Globalizing Japan: Ethnography of the Japanese Presence in Asia, Europe, and America

By Harumi Befu; Sylvie Guichard-Anguis | Go to book overview

Series Editor's preface

At the beginning of the new century Japan, widely seen as a 'miracle country' between the late 1950s and early 1990s, was struggling out of its recession, which became particularly acute between 1997 and 1999. The 1990s were a time of turbulence in Japanese politics as in the economy, and pressure for restructuring has been strong. Grave weaknesses in the banking system were revealed in the form of a massive overhang of bad debt inherited from the boom period of the late 1980s and the subsequent collapse. An ambitious programme of reform of the political and economic system was announced by the Hosokawa coalition Government that replaced single-party rule by the Liberal Democratic Party in 1993, but the path towards implementing reform proved far from smooth.

Through the succession of administrations following from that of Hosokawa, the process of reforming the system seemed to take a step back every time there was a step forward. Nevertheless, there seems little doubt that Japan is gradually changing. It is widely recognised that in many areas of life the old methods do not work well any more and need radical surgery. Even so, the view, widely expressed at the beginning of the new millennium, that the only viable course for Japan is to converge towards a North American model of political economy, needs to be treated with a dose of scepticism. For one thing, a major civilisation such as that of Japan does not ditch its embedded traditions overnight, merely because the economy is failing to reach former heights of performance and growth. For another, there is a long history of concern about the 'particularity' of Japan in debates going back many decades. Even though these debates have at times contained elements of absurdity and even gross liberalism, they constitute part of a mind-set that sees the nation called 'Japan' as an entity that needs to find its own way in the world, rather than consuming in an automatic or haphazard fashion influences that press upon Japan from outside.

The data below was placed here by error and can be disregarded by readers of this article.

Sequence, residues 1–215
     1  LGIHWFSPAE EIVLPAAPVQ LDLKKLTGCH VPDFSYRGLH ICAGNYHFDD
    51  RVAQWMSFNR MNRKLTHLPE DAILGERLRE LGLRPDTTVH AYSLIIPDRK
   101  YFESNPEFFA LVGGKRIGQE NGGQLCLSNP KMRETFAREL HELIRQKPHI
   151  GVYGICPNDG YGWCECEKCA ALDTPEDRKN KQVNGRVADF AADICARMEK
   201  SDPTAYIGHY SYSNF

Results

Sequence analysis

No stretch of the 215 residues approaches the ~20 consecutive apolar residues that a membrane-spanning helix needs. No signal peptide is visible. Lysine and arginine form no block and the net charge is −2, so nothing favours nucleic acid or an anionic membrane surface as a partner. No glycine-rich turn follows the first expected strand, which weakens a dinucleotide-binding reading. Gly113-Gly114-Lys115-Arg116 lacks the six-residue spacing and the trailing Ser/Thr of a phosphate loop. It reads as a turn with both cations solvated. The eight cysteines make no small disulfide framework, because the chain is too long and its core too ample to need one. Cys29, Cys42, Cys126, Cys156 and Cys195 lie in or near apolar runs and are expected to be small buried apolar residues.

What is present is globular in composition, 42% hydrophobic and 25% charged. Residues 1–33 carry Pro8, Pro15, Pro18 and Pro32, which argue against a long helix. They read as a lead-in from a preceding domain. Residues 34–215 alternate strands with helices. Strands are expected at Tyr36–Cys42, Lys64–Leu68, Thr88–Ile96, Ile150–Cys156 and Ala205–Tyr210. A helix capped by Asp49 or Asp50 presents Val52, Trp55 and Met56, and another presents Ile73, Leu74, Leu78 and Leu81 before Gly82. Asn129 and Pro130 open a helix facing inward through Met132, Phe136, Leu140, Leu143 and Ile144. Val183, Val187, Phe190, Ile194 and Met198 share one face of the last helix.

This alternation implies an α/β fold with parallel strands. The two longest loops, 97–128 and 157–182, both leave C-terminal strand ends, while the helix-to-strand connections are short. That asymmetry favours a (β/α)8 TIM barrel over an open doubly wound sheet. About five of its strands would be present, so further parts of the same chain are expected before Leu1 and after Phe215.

The Nissan Institute/Routledge Japanese Studies Series was begun in 1986 and recently published its fiftieth volume. It seeks to foster an informed and balanced, but not uncritical, understanding of Japan. One aim of the series is to show the depth and variety of Japanese institutions, practices and ideas. Another is, by using comparisons, to see what lessons, positive or negative,

-xvii-

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